Running riot: breeders are selling gundogs to the wrong homes

spaniel puppy

Baby-faced assassin! - Credit: Ryan Kay

Irresponsible breeders selling hunting dogs to the wrong owners is taking a heavy toll on our country’s wildlife, often with disastrous outcomes, says Ryan Kay

three springer spaniel puppies

Their cuteness can sometimes be their downfall - Credit: Nick Ridley Photography

The country has officially gone dog mad! Over the three lockdowns, the demand for puppies or dogs of any age, went through the roof. There has been unprecedented demand, soaring puppy prices, increased dog thefts, overwhelmed rescue centres, and more ‘life of a puppy’ TV series’ than you could shake a stick at! 

We (Mrs Kay and I) did not get involved in any puppy breeding during 2020 and instead simply added prospective puppy owners to a list of future planned litters. That list, much to the annoyance of some potential owners, is not, however, a list in numerical order, i.e. first come, first served. It is a list of what we think are suitable homes. A list where the 10th person on it could be our number one choice for a puppy home; a list where we pick, from dozens of names, what we believe to be the best possible homes for well-bred, high-drive, working cockers.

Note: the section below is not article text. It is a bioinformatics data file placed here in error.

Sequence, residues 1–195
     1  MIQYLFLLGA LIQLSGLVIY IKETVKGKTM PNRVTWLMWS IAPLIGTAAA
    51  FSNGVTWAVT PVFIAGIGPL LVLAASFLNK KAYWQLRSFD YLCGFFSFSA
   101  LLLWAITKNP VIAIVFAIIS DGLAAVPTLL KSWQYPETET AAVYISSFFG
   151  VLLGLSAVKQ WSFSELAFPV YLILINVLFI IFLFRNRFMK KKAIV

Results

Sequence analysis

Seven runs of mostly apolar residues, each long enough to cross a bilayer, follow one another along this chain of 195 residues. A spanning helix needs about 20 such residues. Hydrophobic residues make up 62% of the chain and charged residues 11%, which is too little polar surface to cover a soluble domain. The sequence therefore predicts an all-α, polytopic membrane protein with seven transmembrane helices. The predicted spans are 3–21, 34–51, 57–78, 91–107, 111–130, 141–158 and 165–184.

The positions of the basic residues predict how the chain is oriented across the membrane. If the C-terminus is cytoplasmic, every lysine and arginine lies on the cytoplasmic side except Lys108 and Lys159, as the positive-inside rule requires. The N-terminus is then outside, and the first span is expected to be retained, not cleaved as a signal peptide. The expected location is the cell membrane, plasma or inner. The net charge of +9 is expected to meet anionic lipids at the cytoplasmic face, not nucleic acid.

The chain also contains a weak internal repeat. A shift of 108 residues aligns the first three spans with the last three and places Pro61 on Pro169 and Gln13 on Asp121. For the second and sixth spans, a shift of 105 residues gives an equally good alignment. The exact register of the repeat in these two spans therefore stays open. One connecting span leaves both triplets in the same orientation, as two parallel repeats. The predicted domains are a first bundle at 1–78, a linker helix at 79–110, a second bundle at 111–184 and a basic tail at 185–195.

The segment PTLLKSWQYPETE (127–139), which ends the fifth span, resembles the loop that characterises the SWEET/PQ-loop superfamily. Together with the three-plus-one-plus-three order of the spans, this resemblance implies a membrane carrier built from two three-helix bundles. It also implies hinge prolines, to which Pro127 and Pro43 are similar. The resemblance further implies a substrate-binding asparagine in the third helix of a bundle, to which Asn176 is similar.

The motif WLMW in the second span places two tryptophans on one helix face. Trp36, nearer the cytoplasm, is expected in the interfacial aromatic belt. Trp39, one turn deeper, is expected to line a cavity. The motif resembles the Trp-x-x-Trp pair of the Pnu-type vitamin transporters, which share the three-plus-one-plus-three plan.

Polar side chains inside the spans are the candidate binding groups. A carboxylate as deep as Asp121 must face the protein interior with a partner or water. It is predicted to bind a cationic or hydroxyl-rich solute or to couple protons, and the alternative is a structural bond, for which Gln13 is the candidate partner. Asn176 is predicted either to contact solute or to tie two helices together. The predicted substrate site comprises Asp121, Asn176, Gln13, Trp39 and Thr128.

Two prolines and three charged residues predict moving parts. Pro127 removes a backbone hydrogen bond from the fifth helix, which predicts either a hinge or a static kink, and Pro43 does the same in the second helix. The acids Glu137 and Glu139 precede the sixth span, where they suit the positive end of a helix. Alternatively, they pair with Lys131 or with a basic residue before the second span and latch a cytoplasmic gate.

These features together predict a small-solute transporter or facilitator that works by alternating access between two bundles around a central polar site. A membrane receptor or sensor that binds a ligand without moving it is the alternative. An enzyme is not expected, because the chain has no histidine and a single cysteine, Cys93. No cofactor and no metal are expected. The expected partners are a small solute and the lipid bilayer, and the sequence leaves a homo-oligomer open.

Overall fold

We generally breed just one or two litters a year, with the main aim to keep a pup that catches our eye. But finding the rest of the litter desirable homes is, I find, a real challenge, despite the demand. I am perhaps too fastidious and picky about the right homes, but maybe that’s exactly how I should be. Perhaps it’s how many other breeders should be also.  

As a nation, we are, without doubt, dog lovers, but I feel being just dog lovers is really not good enough. Ideally, we need to be a nation of dog understanders. To simply love a dog does not meet all its needs. It may satisfy your human soul but to understand the dog’s needs, you have to understand the breed and what that breed is designed for.  

I touched on this subject a few months ago, but aside all the above, the issue that gets right on my nerves, is the effect that the selling of hunting dogs (namely spaniels) to pet or ‘active family’ homes is having, and indeed will continue to have, on our countryside and the wildlife that resides there.